Kelly Christie named as new executive director of WCS

A longtime staffer at the agency, she’ll take the helm June 1 following the retirement of Don Harloff


Kelly Christie expects a seamless transition next month when she moves into the top job at the Elmira-based agency. [Steve Kannon / The Observer]
The transition should be seamless, as Woolwich Community Services has named Kelly Christie to replace retiring executive director Don Harloff.

A 17-year veteran of the Elmira-based agency, which operates on a shoestring budget with a small staff, Christie carries institutional knowledge in the role she’ll assume June 1.

“I don’t anticipate any great surprises,” she said with a laugh, noting she’s familiar with all aspects of the operation.

Many of the programs, including the youth centre at the WMC, the backpack program, the birthday present cupboard, lunch crunch program, and the single mom’s group, were designed and implemented by Christie.

Harloff’s departure at month’s end after 26 years at the helm will set off something of a “game of musical chairs,” Christie added.

When she take over as executive director, her job as director of community supports will be assumed by the current community resource coordinator, whose will in turn be replaced by an internal move. That should mean clients will see no changes in the services they receive, save for Harloff’s presence at the office.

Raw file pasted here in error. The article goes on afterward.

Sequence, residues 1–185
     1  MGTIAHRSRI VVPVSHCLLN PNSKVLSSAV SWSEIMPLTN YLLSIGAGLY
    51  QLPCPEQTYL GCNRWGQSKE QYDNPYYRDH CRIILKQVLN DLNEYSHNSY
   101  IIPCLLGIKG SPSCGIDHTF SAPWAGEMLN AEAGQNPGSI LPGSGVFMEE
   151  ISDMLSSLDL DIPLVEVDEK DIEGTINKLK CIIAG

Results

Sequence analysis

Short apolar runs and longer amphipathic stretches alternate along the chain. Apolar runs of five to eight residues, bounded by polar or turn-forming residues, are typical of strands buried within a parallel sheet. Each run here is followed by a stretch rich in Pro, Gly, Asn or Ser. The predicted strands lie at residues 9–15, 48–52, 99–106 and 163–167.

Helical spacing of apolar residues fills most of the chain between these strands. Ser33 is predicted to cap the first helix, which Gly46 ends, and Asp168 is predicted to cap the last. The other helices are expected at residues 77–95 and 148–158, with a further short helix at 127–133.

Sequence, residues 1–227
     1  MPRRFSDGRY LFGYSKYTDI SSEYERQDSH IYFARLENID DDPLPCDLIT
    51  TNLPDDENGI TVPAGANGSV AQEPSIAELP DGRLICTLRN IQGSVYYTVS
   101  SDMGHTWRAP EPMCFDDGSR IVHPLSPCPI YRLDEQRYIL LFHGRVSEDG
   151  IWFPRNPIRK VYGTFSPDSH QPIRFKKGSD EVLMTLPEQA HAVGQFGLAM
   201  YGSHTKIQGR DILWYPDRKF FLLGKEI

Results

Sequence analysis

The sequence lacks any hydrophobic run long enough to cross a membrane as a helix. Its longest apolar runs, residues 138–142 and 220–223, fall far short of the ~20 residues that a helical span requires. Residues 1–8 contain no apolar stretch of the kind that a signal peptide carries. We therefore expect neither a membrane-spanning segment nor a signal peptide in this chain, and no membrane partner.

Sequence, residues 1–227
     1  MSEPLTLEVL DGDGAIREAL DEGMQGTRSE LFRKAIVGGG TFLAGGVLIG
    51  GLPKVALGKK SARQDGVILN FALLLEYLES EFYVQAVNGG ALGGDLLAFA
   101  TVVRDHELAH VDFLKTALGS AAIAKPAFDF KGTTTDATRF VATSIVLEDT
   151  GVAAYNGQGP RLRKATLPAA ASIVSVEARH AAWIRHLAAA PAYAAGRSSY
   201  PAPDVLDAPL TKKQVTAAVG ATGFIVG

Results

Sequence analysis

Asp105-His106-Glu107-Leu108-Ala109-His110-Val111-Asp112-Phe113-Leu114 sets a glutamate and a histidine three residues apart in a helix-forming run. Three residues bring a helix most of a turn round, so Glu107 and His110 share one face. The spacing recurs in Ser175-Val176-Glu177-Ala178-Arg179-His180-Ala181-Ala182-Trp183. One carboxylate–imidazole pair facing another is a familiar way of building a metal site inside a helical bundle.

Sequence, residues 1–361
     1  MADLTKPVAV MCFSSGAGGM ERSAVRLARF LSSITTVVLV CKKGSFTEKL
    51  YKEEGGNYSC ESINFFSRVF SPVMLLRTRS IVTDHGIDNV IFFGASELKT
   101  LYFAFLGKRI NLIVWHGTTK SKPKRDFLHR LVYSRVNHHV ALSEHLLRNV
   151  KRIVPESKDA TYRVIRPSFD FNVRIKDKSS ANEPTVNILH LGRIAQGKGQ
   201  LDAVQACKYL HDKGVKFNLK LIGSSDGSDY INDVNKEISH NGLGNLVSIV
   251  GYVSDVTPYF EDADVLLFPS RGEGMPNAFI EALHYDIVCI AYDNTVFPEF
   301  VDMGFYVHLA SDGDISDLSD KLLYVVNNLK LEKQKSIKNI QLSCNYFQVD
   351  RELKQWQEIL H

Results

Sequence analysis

“Hopefully our participants won’t even notice as far as services go,” she said, noting Harloff’s knowledge on the operational side will be missed.

Having been at WCS for 17 years, however, she’s seen many of the same changes, most notably the circumstances that have led to a widening of the agency’s offerings.

“The depth of people’s needs – it’s not just food or some financial support to help them get by for a bit. They need a variety of services,” she said, noting the problems are now longer-term, more systemic.

“People need help with jobs. They need housing. They need transportation. We try to support them in all those needs.”

WCS has more clients with a wider range of needs. It’s not just a matter of filling one gap in their lives, Christie said. For those clients who come in with issues, the first step is to get them somewhat stabilized and then act as a gateway to other programs through the region, province or federal governments.

“We’re just hoping that we can support them to get through the day, and then get some other supports.”

For those people with the largest variety of needs, there’s no short-term solution.

“It’s a long process. But it really is one day at a time. We’ve got to keep them moving forward.”